The Tufts Muslim Student’s Association (MSA) hosted an event titled “The Muslim Ban: Histories of Exclusion, Practices of Resistance,” featuring Yale Clinical Professor of Law Muneer Ahmad in the Crane Room on Thursday evening.
Tufts Associate Professor of Political Science Natalie Masuoka opened the event by introducing Ahmad and by describing how the event connected to a broader American political landscape.
“Unfortunately, recent events suggest that Americans need a reminder of our history,” Masuoka said.
Ahmad began his lecture by contextualizing President Donald Trump’s executive order that seeks to bar immigration from six predominantly-Muslim countries within the long history of racially-prejudiced policies in the United States. The ban is currently not enforced because it was blocked by a District Judge in Hawaii.
“It is a story that is still being written as the Muslim ban unfolds,” Ahmad said. “The Muslim ban is a contemporary event, but it is inseparable from racial exclusion.”
Ahmad further noted that the United States has historically conflated Islam with terrorism, even before the Sept. 11 attacks. He believes this sort of conflation is harmful to both immigrants and American society.
Ahmad explained that he and some of his Yale students worked with the American Civil Liberties Union (ACLU) to get Iraqi interpreter Hameed Darweesh released from John F. Kennedy International Airport after Darweesh and several other people were detained because of Trump’s executive order. Darweesh was eventually released the day following the implementation of the ban, according to Ahmad.
Though Ahmad noted that the courts were fundamental in securing Darweesh’s release and, more generally, in fighting the executive order, Ahmad added that the protests that erupted at JFK Airport and at other airports across the nation prompted many courts to take the executive order and its consequences more seriously.
“What we have seen is the court stepping in, but they have been prompted to do so … by thousands of people around the country,” he said. “Mobilization of non-lawyers … is essential for the legal work to happen. The judge deciding the case understands that people are watching and that it is consequential.”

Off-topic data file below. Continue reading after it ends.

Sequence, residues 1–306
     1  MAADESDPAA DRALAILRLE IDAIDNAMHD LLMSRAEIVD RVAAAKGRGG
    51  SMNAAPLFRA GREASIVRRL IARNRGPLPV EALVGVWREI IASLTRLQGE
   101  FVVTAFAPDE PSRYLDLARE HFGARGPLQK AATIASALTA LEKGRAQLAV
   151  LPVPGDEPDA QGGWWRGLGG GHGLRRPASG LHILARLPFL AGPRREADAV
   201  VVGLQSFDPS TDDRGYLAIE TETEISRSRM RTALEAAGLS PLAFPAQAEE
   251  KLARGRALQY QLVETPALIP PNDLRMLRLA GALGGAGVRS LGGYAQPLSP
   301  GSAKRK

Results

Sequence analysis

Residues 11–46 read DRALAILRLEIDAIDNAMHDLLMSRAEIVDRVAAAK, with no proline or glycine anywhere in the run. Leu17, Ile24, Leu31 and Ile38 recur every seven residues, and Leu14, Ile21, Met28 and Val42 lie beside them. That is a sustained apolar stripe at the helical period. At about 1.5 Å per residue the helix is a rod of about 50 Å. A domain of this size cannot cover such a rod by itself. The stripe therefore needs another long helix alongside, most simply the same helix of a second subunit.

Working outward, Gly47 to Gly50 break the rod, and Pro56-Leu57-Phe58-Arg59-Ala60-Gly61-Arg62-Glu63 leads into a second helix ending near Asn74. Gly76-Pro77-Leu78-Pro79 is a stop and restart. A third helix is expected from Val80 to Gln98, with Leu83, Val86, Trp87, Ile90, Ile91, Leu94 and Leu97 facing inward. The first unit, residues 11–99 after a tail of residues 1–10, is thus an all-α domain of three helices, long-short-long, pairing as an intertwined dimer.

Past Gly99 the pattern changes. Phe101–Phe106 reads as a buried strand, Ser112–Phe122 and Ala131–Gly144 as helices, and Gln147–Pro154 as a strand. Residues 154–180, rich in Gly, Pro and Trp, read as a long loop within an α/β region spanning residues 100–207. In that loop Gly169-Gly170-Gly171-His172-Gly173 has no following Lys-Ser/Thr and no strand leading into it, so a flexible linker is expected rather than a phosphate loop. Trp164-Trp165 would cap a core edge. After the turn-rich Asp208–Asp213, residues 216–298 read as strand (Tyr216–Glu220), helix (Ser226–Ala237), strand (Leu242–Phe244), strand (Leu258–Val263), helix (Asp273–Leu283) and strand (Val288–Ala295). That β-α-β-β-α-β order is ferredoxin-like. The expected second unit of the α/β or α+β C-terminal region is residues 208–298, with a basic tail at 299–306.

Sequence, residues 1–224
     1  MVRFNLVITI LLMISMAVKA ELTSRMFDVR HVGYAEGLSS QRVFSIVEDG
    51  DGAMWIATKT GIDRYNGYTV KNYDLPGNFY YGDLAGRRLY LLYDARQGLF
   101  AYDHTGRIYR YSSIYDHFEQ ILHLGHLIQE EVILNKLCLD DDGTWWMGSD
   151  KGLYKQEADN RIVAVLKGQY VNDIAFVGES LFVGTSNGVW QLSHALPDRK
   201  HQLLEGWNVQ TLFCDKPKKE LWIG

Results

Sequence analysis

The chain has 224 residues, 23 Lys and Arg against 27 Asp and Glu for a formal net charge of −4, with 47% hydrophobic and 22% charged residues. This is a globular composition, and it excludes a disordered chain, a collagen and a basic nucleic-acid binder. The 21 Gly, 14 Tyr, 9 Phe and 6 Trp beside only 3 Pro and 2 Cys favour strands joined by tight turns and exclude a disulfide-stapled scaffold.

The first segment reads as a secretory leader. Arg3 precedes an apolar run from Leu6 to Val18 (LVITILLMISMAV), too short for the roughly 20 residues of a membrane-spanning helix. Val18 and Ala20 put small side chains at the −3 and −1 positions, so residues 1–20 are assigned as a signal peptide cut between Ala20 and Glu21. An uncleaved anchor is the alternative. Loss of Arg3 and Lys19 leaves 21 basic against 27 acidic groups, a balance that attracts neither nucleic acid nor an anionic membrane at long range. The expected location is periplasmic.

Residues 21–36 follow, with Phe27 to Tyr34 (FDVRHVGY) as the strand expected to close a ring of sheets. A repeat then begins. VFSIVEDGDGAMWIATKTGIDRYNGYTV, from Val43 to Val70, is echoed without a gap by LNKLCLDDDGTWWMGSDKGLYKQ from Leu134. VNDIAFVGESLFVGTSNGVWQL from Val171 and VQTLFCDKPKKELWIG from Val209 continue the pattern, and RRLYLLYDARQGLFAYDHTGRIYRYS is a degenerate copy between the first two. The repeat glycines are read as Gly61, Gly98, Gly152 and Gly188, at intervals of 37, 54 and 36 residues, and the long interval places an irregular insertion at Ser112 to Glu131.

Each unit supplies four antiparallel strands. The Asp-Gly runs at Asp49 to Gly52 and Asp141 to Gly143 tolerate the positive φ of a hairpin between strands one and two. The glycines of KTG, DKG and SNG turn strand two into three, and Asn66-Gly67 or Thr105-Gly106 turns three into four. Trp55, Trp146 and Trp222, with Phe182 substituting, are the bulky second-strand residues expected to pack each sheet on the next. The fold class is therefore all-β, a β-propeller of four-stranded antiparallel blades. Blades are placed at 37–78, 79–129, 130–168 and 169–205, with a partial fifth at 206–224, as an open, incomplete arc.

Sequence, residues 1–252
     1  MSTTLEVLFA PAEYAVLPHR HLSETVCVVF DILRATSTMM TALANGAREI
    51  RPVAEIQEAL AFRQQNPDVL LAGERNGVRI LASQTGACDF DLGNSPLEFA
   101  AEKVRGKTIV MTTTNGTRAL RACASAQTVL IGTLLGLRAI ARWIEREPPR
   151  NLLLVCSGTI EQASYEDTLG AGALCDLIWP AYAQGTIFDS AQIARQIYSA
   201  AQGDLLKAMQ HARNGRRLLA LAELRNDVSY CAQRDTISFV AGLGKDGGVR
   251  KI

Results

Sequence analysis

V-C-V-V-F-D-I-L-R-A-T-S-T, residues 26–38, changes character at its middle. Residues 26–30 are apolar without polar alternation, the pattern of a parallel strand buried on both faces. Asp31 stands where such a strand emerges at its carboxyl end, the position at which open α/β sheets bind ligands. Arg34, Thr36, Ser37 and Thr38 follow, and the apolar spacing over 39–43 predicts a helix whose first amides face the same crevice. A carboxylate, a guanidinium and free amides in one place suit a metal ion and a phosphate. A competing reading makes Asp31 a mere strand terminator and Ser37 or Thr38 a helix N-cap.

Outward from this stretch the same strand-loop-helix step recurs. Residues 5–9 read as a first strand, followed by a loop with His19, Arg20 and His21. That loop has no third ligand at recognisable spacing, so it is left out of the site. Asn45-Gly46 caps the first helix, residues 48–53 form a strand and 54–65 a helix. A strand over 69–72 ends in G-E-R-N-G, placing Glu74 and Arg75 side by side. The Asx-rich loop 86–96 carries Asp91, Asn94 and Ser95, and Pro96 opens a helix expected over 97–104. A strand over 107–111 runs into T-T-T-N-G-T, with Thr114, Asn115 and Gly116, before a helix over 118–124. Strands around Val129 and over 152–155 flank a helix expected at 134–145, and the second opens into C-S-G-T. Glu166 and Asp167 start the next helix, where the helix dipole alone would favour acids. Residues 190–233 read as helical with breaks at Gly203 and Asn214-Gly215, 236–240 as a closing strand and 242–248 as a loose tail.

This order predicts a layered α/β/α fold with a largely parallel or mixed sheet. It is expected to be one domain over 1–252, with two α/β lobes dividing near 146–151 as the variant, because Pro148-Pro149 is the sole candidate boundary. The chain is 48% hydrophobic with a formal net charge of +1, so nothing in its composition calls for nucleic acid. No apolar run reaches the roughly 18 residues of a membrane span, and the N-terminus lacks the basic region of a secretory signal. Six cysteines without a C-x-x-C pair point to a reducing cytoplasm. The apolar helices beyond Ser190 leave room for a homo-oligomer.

Ahmad explained the contents of Trump’s first executive order, including a temporary travel ban from seven majority-Muslim countries, a 120-day moratorium on the refugee settlement program as a whole, the indefinite suspension of the Syrian refugee program specifically and the reduction in the cap number of refugees admitted into the United States.
Ahmad also pointed out that the initial order carved out a preference for religious minorities in those countries, which he said was effectively an attempt to prioritize Christians over Muslims based on comments Trump made in a Christian Broadcasting Network interview. He also said that visa and green card holders were originally thought to be affected by the order, but that changed when the White House later stated publicly that they were exempted from deportation.
After the initial ban was blocked by the 9th Circuit Court of Appeals, Ahmad said the Trump administration tried to craft a new order that hid religious preference and excluded green card holders and visa holders from deportation. Ahmad said that even though the new order is watered down on the surface, it is still viewed by the courts as similarly discriminatory.
“Once you have rung the bell of religious discrimination as loudly as you have in this case, you can’t get rid of it,” he said. “We see it for what it is. That’s why the legal challenges of [executive order] 2.0 are having the same success.”
Even though Ahmad said that the current legal challenges against Trump’s second immigration order have been successful, he is unsure about what conclusion the courts will ultimately make.
“The legal issues are hard,” he said. “Public engagement matters in the meantime.”